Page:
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Parashat 03/02/2011

Parashat Pekudei

by Robert Rabinoff

There is a famous Midrash which Rashi quotes at the beginning of our Parashah.  When Moshe is instructing his general contractor, Betzalel, on the construction of the Mishkan (Tabernacle), he first tells him to construct the Aron (Ark), which will hold the two tablets that Moshe received from Gd.  Betzalel remonstrates, saying that it is the way of the world that one first constructs a house and only then builds its furnishings.  Moshe exclaims, “That is indeed the order in which Gd commanded me – you must have been in Gd’s shadow (b’tzel el) when He was speaking with me!”  The commentators ask the obvious question: If Gd told Moshe to build the housing first, and that was the logical way to do it, why did Moshe change the order.  The answer that is generally given goes right to the heart of the whole purpose of the Mishkan.

When Moshe was instructing Betzalel on the construction of the Mishkan and its appurtenances, he was not actually specifying the order in which they were to be created; rather he was teaching them a lesson in priorities.  The top priority in the Mishkan was in fact the Aron, for the Aron was the resting place of the luchot (Tablets), which represented Gd’s communication with Israel, and through Israel, all of humanity.  Besides being the center from which Gd’s Holiness radiates outwards, the Aron itself symbolizes the relatedness of Gd to the world.  Gd may be transcendental to the Creation, but Gd is also intimately involved with Creation as well.

I think it is significant that atop the Aron are two Cheruvim, facing one another.  There is a familiar Midrash that Adam and Eve were created in one body, as it says, “Male and female He created them” (Bereishit 1:27).  It was only later that Gd split the two, specifically so that Eve could be k’neged Adam – a phrase that can be rendered opposite to Adam, in the sense of being face-to-face.  In other words, Adam and Eve needed to be in a relationship to one another for both to thrive and prosper, as it says, “It is not good for the man to be alone” (Bereishit 2:18).  In the same way the two Cheruvim, who are, according to some commentators symbolic of Gd and Israel, must face each other, must be in a dynamic relationship with one another.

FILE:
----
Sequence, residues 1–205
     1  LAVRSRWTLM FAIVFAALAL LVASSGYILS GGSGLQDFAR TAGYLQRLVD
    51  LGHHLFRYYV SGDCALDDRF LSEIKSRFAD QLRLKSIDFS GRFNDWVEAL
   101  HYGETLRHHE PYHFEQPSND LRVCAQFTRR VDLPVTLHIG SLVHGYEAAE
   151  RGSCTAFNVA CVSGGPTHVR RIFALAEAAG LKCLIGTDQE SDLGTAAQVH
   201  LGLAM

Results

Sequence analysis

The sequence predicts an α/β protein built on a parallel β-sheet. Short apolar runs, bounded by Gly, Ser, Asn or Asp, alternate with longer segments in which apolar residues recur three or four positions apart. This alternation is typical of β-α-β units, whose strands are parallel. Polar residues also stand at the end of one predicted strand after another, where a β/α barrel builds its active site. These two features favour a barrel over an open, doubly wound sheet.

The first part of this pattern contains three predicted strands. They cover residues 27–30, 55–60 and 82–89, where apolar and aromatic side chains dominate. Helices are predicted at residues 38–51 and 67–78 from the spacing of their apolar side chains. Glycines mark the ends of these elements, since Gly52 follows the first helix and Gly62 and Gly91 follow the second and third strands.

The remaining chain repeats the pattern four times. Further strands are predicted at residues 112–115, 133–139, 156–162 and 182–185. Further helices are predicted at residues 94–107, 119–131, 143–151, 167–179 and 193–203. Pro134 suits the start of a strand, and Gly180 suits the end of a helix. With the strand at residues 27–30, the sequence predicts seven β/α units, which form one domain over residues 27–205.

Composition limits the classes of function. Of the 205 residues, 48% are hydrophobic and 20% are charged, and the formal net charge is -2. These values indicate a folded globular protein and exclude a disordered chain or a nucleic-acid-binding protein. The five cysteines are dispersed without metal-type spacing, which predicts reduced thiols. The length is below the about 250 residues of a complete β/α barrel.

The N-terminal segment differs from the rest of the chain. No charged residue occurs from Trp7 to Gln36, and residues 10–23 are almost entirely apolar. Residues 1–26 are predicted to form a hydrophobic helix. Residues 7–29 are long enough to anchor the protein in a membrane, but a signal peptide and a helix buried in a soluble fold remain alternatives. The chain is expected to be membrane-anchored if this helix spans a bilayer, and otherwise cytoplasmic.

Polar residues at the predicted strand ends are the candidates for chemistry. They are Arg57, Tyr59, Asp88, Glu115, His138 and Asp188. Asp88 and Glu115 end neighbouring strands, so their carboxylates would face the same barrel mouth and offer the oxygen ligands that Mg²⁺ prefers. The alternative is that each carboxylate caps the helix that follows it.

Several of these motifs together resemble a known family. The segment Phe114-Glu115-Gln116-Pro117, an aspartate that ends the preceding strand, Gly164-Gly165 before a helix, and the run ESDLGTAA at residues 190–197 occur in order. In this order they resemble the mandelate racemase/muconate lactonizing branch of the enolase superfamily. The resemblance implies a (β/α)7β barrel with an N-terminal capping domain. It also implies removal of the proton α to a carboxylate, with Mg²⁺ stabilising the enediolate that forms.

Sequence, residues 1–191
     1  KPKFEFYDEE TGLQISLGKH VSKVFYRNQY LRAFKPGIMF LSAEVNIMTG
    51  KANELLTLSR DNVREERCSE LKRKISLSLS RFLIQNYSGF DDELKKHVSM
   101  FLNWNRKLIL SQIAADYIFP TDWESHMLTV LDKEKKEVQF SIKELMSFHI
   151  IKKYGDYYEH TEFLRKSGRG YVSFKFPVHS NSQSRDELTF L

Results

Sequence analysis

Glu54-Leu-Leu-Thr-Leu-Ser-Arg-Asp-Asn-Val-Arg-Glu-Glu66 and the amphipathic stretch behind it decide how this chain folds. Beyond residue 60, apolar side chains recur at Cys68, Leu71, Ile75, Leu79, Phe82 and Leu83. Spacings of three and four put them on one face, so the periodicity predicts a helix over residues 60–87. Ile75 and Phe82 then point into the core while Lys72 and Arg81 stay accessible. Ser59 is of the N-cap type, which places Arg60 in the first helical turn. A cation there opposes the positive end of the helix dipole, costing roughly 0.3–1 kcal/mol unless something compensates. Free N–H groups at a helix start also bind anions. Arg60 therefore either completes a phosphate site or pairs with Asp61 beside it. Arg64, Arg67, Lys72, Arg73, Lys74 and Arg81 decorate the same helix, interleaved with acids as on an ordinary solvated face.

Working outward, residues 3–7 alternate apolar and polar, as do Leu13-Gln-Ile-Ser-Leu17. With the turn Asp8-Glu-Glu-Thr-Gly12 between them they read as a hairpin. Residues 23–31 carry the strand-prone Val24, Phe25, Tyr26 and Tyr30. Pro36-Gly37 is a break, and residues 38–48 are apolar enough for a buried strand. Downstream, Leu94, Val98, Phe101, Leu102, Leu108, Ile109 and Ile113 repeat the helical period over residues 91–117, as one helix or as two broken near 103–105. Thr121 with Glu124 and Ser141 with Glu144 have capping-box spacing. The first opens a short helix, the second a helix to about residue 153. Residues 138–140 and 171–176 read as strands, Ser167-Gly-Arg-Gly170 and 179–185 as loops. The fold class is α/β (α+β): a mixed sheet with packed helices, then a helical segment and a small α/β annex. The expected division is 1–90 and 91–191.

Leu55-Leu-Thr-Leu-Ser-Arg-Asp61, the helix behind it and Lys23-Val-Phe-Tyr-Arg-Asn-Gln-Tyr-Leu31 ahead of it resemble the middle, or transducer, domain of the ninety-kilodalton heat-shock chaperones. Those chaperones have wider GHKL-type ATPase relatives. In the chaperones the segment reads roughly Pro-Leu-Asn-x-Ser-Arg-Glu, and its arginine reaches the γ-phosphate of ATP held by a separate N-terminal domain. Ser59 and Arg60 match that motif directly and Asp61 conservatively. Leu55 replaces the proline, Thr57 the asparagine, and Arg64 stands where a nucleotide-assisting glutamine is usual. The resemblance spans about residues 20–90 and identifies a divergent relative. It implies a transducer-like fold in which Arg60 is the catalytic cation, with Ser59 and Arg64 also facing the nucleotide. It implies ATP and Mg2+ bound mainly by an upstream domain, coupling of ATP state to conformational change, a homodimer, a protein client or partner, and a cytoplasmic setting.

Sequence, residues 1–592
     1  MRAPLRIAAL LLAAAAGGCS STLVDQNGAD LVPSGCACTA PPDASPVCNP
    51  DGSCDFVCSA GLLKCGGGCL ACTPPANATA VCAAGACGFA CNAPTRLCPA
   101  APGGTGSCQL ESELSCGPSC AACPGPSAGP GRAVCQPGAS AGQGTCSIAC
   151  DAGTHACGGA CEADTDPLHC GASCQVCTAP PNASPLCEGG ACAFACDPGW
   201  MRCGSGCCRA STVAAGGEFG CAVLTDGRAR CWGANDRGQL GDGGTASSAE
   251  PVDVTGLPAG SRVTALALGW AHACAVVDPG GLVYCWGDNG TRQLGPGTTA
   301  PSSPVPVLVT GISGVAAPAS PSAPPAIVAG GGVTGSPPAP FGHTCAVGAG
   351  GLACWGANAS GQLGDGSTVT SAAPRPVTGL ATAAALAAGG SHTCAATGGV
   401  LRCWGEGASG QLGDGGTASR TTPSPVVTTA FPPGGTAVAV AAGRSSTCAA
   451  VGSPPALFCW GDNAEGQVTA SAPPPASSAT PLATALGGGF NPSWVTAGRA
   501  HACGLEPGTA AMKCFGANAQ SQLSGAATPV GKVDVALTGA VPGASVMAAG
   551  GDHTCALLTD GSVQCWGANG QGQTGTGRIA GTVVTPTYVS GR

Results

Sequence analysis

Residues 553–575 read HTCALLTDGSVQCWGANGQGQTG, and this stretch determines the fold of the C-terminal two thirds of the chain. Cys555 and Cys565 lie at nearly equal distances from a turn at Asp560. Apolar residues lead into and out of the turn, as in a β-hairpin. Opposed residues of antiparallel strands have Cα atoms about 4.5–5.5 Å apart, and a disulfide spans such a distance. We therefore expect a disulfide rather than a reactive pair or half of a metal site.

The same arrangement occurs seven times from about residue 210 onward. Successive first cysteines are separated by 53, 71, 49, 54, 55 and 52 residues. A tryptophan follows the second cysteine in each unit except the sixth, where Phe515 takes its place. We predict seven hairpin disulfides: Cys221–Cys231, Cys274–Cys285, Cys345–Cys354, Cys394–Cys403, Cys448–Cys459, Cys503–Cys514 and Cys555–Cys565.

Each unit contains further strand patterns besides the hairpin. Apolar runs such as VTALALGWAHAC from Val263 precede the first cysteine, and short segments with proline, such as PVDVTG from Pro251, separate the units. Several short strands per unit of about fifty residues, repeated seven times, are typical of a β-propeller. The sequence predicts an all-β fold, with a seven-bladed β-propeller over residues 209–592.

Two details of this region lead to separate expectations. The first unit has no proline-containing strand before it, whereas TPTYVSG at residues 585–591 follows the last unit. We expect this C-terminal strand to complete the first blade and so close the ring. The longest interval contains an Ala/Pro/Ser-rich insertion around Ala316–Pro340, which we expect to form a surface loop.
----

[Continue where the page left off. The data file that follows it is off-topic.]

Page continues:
I believe the need for relationship is structured into the very finest mechanics of creation.  Gd, the Creator, is an absolute Unity, not made up of parts (see Rambam’s 2nd Principle of our Faith at  Creation, on the other hand, is the realm of difference, of multiplicity.  To get from Unity to multiplicity, one first has to make the transition from one to two.  Perhaps we can locate that transition in our own ability to be conscious of ourselves.  If we can have self-consciousness, then surely Gd can as well.  Perhaps Gd, in His capacity as both the Subject and the Object of His Self-Consciousness, creates a kind of virtual relationship, a virtual Subject-Object duality within Himself.  At that point Gd’s Unity, while remaining totally unchanged, projects an aspect of duality, and this projection is the beginning of the multiplicity we call Creation.

It is of course impossible for any human being to understand Gd’s inner nature.  Gd’s Unity is beyond comprehension or definition.  This is why Gd has revealed to us, among other things, how to construct the Mishkan and the objects in them; according to our tradition the function of the Mishkan is to model the structure of creation for us.  As we noted some weeks ago, the Cheruvim were hammered out of one piece of gold along with the kaporet (Ark-Cover).  That is, duality, and therefore the relationship that duality represents, are really not distinct from the original Unity from which they emerge (or appear to emerge).

Once we have multiplicity, we see a tendency for that multiplicity to become more and more integrated into more elaborate levels of structure.  Once again, this integration is a function of relationships, this time relationships between parts.  On the level of duality we see a reflection of the dynamics of Unity.  It is our task as members of the Jewish people to create the ultimate level of integration, where the entire creation is a harmoniously functioning whole, with ideal relationships between the parts, and the whole participating in an ideal relationship with Gd.  I believe this is what Gd meant when He commanded us “Let them build me a holy place and I will dwell among them” (Shemot 25:8).  In other words, at least for starters, Gd will show us how to construct a small part of the universe according to perfect, ideal standards, and then he will grace us by coming into a close relationship with us.  With Gd’s help, we will see this holy space rebuilt in our day, and see that ideal expand to encompass all of Gd’s Creation.